Ministers from the member states of the World Trade Organization (WTO) will congregate in Geneva for the eighth ministerial conference next week.
In the past, the biennial WTO ministerial conferences used to be prominent events, for decisions taken there had significant implications for global economic governance. But with the Doha Round of multilateral trade negotiations lying virtually in a state of coma, next week’s event will be no more than a ritual. The ministerial conference is taking place since the Marrakesh agreement establishing WTO stipulates that there “shall be a ministerial conference composed of representatives of all the members, which shall meet at least once every two years”.
The eighth WTO ministerial conference is being held 10 years after the members of the institution had decided in the Qatari capital of Doha to launch a new round of multilateral trade negotiations that would help deepen and widen the trade liberalization agenda. Thus, members decided to initiate negotiations for lowering tariffs and other forms of trade barriers in both goods and services, and to adopt a new set of rules that would not only help in reducing the cost of doing business, but would also reduce the policy-induced barriers. This trade reform agenda was expected to meet the development aspirations of the lesser players in the global economy and, therefore, the agenda provided for the inclusion of special measures that would enable them to do so.
The negotiating agenda also included a range of issues on which developing countries and their more advanced counterparts stamped their ownership. While the former pushed for the reform of the regime of intellectual property rights to ensure that medicines are available at affordable prices, the latter sought inclusion of areas that were hitherto outside the remit of WTO, including investment, competition and government procurement.
During the 10 years of Doha Round negotiations, WTO has faced pressures both from within and outside. The pressures from within mounted as the members struggled to meet the time schedules that would have enabled the round to be completed in four years. On hindsight, the tight time schedule was the biggest enemy of the Doha Round. Even in the best of times, trade policy reforms would have taken much longer than the four years that had been stipulated. But few seem to have recognized that the Doha Round was being launched as the global economy was recovering from the twin shocks of the Asian financial meltdown and the events following 9/11. As a result, countries were much more circumspect in giving up the policy instruments that would have enabled them to provide an additional dose of protection to their domestic players in these times of uncertainty. Such tendencies were displayed most prominently by the US and the European Union which were called upon to provide additional market access to developing countries and to, thus, enable the latter to increase their presence in the global markets.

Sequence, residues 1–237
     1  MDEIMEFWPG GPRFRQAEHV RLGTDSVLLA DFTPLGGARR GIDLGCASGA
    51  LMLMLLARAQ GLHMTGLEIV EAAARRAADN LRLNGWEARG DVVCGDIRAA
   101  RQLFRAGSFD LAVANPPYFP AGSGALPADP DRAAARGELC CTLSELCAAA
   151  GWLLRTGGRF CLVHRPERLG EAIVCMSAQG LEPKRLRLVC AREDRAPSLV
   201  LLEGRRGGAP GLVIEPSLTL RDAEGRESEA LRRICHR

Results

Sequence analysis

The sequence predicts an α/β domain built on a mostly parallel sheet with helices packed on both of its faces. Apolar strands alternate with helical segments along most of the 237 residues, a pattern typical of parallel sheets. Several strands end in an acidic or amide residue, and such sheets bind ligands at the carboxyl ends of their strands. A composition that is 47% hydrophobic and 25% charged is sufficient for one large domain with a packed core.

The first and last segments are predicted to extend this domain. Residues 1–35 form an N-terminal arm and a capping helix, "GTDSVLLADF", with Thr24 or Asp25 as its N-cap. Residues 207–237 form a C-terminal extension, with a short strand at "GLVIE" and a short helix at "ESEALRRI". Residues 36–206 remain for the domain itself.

From the point of view of developing countries, the Doha negotiations made little progress in key areas of agriculture and services. In the former, the biggest roadblock was the reduction of the high doses of farm subsidies which, ironically, became even bigger as the negotiations were being conducted.
Liberalization of the services sector was being eyed by many developing countries as an opportunity for them to make big inroads in the global markets through enhanced opportunities for their professionals. But much to their disappointment, the developed countries decided to adopt a cautious approach in the early years of the Doha Round in the matter of opening up of the services sector. With economic uncertainties setting in, services negotiations came to a virtual standstill.
What has made matters worse for the multilateral trade system governed by WTO is that many of its member states have continued to pursue the trade liberalization agenda through ever-increasing reliance on bilateral and regional free trade agreements. Developing countries were slow to get off the blocks, but in recent years, a majority of these countries have got involved in free trade negotiations. India typifies this development—until 2003, India showed its unflinching faith in the multilateral process, but in the more recent years, it has been one of the most active in pursuing bilateral trade deals.
It is quite clear that for WTO to retain its credibility as an effective institution, the member states of the organization would have to find ways of delivering on its promises. This realization seems to have finally dawned on at least a section of its membership; importantly, the most prominent ones belonging to the Group of Twenty. In their recently concluded summit in Cannes, the leaders surmised that the Doha Round will not be completed if the negotiations are conducted in the same manner as in the past. The leaders have emphasized the need to pursue fresh, credible approaches to furthering negotiations.
Backed by this political support from the leaders of the most influential countries, the forthcoming ministerial conference needs to reflect on the ways in which the credibility of WTO as a strong multilateral organization is kept intact. For all its weaknesses with which it is saddled at present, WTO remains as an institution that can help in the orderly conduct of trade and prevent catastrophic trade wars from breaking out.
Biswajit Dhar is director general at Research and Information System for Developing Countries, New Delhi
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